“We designed a roadmap and made transformative choices that are still guiding us today […] that can be summarized in three words: unity, accountability and thinking big,” said Reanda’s Ambassador to the United States of America, Mathilde Mukantabana.
She said this during the dreamweek summit titled: Rwanda Then and Now; Milestone in Rebirth and Growth.
The summit on Rwanda’s transformational journey was held in in San Antonio, Texas from 21-22 January 2022.
The discussions as part of the summit explored Rwanda’s journey of post-genocide nation building.
The Rwandan community of San Antonio organized the two-day event in partnership with DreamVoice LLC, the organizers of the DreamWeek in San Antonio.
The DreamWeek’s purpose is to advance and modernize the teachings set forth by Dr. Martin Luther King Jr.’s vision; to lay the foundation of tolerance by creating dialog across cultures and communities.
“Now, Rwanda is a country governed by the rule of law where unity and reconciliation have allowed people to come together to build a cohesive and prosperous nation,” she said.
“The notion of forgiveness is at the core of our being and has become our duty. Martin Luther King philosophy strongly resonates with us in our constant quest for solutions through dialogue, consensus politics and inclusiveness,” the ambassador added.
She explained that these concepts have been institutionalized and delivered through our home grown solutions such the national dialogue that takes place in Rwanda every year in December.
Among the speakers, included DALE DAWSON Founder, Chairman & CEO Bridge 2 Rwanda, Dr. EMMANUEL Nibishaka Deputy CEO Rwanda Governance Board, Dr. FIACRE BIENVENU Ad. Professor, Steven J. Green School of Int’l and Public Affairs at Florida International University, YEHOYADA MBANGUKIRA President US Rwandan Community Abroad, CAROL PINEAU Film maker & Journalist, among others.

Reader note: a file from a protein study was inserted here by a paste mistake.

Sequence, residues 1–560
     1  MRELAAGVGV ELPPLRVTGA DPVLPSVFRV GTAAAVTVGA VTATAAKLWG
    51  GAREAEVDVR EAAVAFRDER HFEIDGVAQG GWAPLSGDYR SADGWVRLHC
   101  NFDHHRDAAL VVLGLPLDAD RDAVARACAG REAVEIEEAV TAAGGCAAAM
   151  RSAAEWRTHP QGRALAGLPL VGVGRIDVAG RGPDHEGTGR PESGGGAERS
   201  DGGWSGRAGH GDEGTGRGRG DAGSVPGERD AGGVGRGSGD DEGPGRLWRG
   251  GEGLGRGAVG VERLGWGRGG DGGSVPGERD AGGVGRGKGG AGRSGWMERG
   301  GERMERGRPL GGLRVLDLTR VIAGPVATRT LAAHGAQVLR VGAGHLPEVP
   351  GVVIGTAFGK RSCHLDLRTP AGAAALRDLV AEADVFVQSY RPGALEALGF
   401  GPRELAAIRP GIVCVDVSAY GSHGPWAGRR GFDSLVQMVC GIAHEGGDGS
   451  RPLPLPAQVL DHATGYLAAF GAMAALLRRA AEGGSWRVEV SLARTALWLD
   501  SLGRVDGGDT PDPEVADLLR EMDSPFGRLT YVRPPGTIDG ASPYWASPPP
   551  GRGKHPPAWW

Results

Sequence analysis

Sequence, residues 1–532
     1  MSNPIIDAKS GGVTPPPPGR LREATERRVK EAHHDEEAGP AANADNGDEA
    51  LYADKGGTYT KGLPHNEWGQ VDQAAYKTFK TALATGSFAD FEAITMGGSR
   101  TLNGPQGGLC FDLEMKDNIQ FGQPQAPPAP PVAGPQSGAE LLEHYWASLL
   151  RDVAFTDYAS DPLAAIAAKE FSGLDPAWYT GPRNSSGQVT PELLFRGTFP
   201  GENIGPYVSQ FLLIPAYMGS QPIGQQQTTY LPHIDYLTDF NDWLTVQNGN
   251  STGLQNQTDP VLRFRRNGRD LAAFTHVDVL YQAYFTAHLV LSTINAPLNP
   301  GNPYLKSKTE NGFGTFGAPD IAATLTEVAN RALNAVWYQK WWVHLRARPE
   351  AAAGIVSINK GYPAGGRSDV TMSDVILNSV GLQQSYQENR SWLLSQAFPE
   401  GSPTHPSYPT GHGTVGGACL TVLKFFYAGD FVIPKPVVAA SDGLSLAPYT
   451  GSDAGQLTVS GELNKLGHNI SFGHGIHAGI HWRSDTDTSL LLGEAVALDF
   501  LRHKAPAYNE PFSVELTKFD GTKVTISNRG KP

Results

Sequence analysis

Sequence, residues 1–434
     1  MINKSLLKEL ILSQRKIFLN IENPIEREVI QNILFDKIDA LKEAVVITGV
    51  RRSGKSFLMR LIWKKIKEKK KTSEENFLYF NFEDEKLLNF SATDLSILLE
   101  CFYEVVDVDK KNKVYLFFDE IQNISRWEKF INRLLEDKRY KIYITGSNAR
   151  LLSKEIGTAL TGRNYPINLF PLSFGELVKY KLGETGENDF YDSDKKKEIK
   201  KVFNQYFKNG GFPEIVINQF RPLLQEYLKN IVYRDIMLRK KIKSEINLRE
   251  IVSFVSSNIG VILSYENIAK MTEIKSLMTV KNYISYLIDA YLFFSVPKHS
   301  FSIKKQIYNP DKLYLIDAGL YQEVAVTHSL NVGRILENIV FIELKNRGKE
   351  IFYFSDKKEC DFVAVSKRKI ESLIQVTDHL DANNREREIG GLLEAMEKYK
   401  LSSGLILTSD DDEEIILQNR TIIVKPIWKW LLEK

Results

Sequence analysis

Dr. Bienvenu Fiacre said that, “For students of Rwanda, I’d like to remind them that in a productive way, it’s easy to forget that things could have gone further south hadn’t it not have been for a deeper thinking and natural authority of the leadership which preserved the nationhood, the Rwandan civilization, and continue to keep it from going extinct.”
Yehoyada Mbangukira spoke about a time that it was not possible to be Rwandan and be happy about that.
“As we look at that, there was something yearning of the Rwandans within the Diaspora, of a place they can say I am Rwandan, and many of us who were could not say that. […] Therefore, when you look at the then, and the trajectory we have taken today, we are a proud people. Just having a country to call home.”
Dale Dawson believes in the country’s Vision 2050 that intends to see Rwanda become a high income nation in the next 30 years.
The growth rate needs to be 10% plus a year.
Rwanda before the pandemic was hitting over 10%.
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“I think nurturing high capacity young talent that we need. And also bringing in the vision we have at Bridge2Rwanda, to build a bridge to Rwanda that transforms lives at both ends. And what we’ve found is that when we bring our friends from the United States to Rwanda and they see and are inspired and given the opportunity to participate and to invest and to help, their lives are transformed. [..] Rwanda has developed a momentum for the last 20 years that will cause more and more people to be attracted to come and participate in Rwanda’s building.”
Painting a picture of how Rwanda looked like after the genocide Dr. Emmanuel Nibishaka, Deputy CEO of Rwanda Governance Board, said that many political scientists and commentator used to call Rwanda a failed state but with good governance the country has built a citizen centered sustainable development with regular monitoring of the principles of good governance.
“Regular self-assessment is very essential in helping to identify area of improvement in a timely manner so that you don’t lose the momentum in building a better life. We also view these assessments as an essential tool to revitalize accountable governance that Rwanda has chosen,” he said.
This summit was followed the next day by ‘Night in Rwanda’, a social and cultural event featuring Rwandan cultural dances, food and expedition of Rwanda natural beauty.
Rwandans in Texas and those that travelled from other parts of the United States of America were extended consular services including the opportunity to take biometrics.
The event attracted over 500 people (both physically and online) from civil society, media, academia, philanthropy, and business.